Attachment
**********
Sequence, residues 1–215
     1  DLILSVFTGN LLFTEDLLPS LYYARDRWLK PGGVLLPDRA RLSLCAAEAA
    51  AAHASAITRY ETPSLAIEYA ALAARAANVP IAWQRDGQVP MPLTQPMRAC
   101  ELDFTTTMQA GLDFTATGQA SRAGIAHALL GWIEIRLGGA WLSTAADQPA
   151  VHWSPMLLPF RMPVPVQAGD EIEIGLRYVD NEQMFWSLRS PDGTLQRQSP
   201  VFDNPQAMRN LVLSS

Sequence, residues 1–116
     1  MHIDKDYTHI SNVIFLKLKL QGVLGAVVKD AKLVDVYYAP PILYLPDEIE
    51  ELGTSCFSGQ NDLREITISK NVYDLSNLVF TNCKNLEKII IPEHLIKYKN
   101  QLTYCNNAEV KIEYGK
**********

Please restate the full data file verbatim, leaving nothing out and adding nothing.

Sequence, residues 1–215
     1  DLILSVFTGN LLFTEDLLPS LYYARDRWLK PGGVLLPDRA RLSLCAAEAA
    51  AAHASAITRY ETPSLAIEYA ALAARAANVP IAWQRDGQVP MPLTQPMRAC
   101  ELDFTTTMQA GLDFTATGQA SRAGIAHALL GWIEIRLGGA WLSTAADQPA
   151  VHWSPMLLPF RMPVPVQAGD EIEIGLRYVD NEQMFWSLRS PDGTLQRQSP
   201  VFDNPQAMRN LVLSS

Sequence, residues 1–116
     1  MHIDKDYTHI SNVIFLKLKL QGVLGAVVKD AKLVDVYYAP PILYLPDEIE
    51  ELGTSCFSGQ NDLREITISK NVYDLSNLVF TNCKNLEKII IPEHLIKYKN
   101  QLTYCNNAEV KIEYGK